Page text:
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Digital Transformation Is Upending Talent Expectations





The year 2020 shocked many organizations into taking on faster, more iterative and more aggressive approaches to digital transformations. They have been forced to do this to both accommodate new market rules, and also to take advantage of new opportunities.

Across these efforts, leaders are also realizing that bringing along their talent, and addressing talent challenges, has never been more critical to the success of their transformation efforts.


According to HCL’s Digital Acceleration for Business Resilience report, that surveyed 400-plus business and IT decision-makers across the globe, lack of skills within the organization continues to be one of the top three challenges to digital transformation, and one that leaders are increasingly paying more attention to.


Digital Transformation Initiatives Reveal Growing Talent Gaps

Organization-wide digital transformations typically try to address challenges related to one of four key areas:

Disconnected parts: Siloed divisions and multiple instances of software systems and inconsistent data that prevent financial visibility and transparency and delay business decisions.

Lack of end-to-end execution: Fragmented and cumbersome business processes that prevent efficiencies and collaboration.

Lack of agility: Making it difficult to integrate new acquisitions and pivot quickly towards new sources of revenue.

Need/desire to reinvent customer experiences: And provide a more unique, faster and engaging experience for customers across their products and services.

These operational challenges are also typically reflected in the workforce and how employees perform. Over time, companies may have attracted and rewarded employees that know how to adapt to the inefficiencies, develop workarounds and optimize how to function in complex environments. As a result, employees may be less likely to want to reinvent, or challenge the current model, because they’ve learned to succeed and survive in it.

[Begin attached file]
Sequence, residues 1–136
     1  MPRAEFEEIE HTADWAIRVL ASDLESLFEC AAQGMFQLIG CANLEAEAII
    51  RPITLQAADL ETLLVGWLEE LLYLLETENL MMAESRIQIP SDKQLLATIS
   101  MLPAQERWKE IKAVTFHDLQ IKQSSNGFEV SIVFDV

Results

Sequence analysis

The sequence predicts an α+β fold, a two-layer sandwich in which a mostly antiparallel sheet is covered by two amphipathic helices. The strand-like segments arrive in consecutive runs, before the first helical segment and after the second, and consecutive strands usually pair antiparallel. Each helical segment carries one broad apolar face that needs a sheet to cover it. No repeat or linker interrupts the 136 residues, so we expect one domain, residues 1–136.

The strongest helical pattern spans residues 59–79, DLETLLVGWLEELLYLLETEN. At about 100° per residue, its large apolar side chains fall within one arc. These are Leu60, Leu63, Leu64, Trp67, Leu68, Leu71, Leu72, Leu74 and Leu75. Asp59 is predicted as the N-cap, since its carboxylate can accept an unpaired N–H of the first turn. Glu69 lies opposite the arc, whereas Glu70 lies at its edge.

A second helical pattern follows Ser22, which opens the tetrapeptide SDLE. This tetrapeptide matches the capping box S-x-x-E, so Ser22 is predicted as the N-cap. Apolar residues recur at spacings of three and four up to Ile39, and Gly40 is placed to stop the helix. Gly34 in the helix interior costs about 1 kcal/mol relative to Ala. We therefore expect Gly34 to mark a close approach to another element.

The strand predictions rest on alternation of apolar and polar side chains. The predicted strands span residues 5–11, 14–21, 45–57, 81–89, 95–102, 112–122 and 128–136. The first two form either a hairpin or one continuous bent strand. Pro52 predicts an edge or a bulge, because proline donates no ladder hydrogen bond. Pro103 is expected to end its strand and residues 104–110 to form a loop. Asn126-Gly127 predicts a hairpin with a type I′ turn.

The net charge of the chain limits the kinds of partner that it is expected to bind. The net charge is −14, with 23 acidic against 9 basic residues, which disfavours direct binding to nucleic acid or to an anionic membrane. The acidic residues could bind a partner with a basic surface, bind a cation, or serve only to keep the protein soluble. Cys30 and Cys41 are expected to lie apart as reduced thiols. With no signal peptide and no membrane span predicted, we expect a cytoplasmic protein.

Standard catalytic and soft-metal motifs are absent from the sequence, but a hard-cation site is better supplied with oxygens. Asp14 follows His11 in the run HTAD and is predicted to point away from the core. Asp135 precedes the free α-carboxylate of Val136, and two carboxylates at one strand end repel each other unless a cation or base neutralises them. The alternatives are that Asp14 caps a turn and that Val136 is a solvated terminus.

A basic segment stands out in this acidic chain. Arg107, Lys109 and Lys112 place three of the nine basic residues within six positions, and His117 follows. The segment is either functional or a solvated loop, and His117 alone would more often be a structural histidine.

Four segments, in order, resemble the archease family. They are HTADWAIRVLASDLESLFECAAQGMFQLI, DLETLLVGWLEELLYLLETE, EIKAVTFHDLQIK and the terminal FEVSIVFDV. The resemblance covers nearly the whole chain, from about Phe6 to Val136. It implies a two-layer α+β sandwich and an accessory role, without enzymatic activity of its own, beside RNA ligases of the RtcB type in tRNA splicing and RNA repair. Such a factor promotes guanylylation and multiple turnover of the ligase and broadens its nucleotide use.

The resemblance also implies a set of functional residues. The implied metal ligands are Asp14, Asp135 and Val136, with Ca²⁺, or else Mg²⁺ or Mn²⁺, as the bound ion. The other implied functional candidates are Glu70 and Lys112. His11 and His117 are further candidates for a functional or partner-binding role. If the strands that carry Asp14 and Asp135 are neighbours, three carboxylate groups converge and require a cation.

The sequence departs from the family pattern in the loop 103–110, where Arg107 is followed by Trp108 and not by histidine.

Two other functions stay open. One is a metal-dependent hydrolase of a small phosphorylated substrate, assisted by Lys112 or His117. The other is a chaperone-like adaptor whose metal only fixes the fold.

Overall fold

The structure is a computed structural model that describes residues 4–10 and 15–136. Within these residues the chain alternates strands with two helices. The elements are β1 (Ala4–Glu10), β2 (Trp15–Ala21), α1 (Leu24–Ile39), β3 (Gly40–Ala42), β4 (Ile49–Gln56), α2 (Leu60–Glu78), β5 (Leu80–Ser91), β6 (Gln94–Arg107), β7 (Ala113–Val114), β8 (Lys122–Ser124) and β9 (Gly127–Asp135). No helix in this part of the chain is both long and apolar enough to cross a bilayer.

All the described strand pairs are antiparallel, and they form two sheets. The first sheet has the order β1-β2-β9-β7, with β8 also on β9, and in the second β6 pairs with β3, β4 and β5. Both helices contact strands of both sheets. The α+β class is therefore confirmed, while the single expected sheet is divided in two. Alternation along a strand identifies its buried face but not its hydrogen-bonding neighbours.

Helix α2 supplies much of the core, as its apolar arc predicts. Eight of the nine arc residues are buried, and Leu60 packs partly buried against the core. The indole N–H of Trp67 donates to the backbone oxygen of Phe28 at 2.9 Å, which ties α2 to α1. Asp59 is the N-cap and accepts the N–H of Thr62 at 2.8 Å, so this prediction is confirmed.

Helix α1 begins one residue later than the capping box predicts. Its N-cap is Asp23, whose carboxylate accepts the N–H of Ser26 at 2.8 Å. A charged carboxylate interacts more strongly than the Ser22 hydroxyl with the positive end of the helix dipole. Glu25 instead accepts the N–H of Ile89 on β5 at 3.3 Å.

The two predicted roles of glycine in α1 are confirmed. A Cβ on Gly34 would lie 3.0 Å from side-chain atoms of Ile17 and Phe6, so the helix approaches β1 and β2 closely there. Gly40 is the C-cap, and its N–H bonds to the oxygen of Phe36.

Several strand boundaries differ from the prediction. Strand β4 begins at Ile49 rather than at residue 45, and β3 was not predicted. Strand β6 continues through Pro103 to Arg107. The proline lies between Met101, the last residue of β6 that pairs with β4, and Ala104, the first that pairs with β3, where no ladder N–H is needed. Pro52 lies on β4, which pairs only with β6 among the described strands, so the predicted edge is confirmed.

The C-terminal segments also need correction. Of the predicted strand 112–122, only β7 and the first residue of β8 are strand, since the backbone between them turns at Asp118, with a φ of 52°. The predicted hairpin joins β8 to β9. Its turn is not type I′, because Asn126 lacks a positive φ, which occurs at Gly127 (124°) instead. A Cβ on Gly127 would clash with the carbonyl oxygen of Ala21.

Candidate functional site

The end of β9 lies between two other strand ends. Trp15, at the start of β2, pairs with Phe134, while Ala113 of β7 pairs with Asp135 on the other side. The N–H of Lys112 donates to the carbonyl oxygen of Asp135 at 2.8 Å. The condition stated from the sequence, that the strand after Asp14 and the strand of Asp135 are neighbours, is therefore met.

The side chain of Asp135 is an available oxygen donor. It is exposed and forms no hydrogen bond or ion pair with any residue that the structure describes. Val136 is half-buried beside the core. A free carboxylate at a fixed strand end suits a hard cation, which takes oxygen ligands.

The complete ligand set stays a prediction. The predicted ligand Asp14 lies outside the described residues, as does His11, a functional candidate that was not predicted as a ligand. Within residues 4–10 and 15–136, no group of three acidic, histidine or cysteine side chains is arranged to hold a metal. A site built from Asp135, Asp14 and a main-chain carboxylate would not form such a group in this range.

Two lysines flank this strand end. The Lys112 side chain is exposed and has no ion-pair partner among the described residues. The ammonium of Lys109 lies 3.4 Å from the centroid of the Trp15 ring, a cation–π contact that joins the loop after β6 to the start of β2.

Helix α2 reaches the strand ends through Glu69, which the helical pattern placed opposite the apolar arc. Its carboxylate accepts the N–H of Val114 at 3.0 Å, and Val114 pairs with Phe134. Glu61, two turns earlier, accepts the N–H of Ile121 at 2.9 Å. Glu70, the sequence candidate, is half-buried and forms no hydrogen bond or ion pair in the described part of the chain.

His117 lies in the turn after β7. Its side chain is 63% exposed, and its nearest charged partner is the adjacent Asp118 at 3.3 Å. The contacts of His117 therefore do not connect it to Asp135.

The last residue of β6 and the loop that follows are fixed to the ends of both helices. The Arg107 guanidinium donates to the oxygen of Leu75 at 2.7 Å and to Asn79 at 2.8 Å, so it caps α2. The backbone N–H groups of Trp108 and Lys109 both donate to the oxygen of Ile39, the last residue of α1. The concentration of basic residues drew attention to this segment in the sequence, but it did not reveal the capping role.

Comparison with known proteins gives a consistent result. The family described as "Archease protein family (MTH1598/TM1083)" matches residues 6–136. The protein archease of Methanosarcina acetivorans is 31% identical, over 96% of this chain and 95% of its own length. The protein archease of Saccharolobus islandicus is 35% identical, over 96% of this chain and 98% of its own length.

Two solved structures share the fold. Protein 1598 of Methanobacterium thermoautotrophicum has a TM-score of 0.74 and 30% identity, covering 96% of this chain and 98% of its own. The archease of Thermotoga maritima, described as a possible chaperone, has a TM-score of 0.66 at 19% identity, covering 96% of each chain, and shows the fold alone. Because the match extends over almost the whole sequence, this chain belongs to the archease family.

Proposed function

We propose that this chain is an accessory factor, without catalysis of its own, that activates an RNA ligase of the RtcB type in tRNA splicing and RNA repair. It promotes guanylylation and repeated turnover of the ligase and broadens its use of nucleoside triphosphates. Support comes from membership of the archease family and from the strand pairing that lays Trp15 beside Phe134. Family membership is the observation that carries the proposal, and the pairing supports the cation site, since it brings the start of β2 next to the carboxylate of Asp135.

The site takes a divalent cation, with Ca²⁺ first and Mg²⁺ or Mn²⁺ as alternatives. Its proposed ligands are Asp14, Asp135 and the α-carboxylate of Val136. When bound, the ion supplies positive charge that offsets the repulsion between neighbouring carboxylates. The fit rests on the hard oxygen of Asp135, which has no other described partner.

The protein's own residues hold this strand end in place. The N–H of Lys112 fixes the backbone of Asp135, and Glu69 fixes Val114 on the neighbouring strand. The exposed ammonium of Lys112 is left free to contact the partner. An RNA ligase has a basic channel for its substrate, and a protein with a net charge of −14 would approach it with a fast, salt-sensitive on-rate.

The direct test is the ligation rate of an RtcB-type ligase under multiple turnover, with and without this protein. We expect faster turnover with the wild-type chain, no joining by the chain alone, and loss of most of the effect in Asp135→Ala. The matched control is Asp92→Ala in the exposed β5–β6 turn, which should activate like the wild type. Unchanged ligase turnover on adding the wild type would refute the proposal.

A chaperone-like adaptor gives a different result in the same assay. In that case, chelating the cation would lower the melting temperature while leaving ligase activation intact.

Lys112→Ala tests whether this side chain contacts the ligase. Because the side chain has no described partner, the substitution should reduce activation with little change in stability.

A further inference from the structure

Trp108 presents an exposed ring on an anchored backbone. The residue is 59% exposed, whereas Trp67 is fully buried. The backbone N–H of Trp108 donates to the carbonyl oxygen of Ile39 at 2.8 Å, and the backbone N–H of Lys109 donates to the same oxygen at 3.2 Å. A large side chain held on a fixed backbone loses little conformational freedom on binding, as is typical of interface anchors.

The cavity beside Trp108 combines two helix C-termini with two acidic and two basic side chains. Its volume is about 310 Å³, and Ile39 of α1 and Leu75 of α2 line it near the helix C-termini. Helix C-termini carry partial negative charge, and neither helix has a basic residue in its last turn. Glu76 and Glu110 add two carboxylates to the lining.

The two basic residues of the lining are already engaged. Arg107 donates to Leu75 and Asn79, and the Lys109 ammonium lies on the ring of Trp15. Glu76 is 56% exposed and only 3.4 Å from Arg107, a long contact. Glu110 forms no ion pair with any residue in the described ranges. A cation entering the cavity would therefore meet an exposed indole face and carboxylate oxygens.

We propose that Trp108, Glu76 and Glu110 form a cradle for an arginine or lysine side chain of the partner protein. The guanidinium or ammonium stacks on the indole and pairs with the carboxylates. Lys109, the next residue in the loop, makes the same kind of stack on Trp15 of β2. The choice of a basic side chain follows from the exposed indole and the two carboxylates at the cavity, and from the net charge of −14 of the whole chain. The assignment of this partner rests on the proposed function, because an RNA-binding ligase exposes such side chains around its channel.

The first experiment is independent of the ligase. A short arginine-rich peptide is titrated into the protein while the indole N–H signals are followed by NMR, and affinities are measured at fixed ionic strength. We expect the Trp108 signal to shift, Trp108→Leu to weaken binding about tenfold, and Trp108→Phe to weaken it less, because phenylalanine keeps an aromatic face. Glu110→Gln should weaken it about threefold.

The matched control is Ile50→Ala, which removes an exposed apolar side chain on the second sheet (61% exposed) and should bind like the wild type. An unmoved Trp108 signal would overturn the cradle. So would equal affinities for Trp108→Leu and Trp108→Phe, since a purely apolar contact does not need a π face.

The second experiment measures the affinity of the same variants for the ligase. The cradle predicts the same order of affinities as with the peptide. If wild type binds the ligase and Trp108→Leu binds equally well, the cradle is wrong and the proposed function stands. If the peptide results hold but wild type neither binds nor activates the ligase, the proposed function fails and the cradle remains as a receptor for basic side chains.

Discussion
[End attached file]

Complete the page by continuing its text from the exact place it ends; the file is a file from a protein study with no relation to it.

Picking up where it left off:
In addition, companies may not have invested over time in evolving skillsets and behaviors, blending in new approaches/perspectives through new hires, or recognized the growing gaps in their workforce. These different forces compound the workforce gaps and make digital transformation harder to plan, initiate, and execute successfully.

Finding and Engaging the Existing Talent Potential

But in these gaps, leaders can also recognize the talent promise and potential that lie in their organization. The same adaptability and flexibility that employees have demonstrated in adjusting to complex, convoluted processes and interactions in their organization, demonstrate their potential for reimagining, reinventing, simplifying or automating the work.

To engage the workforce in the transformation process, leaders can focus on three key actions:

Show early commitment and authenticity:

  • Leaders must be willing to demonstrate early support and commitment to the upcoming digital transformation.

  • Being inclusive, inviting people to early planning discussions, encouraging them to re-imagine what the future could look like, with visible support, are techniques that can be used.

  • Leaders must do so with authenticity and candor, including in outlining the boundaries of the exercise, and sharing with selected employees how long and arduous the journey may be.

  • Often, early workshops to discuss current challenges and how to address them provide a great opportunity for employees to “lean in” and demonstrate their interest and potential. They are also a great chance for leaders to find the employees with the courage and mindset to create the future, and not protect existing turfs, power or status quo.

Give an opportunity: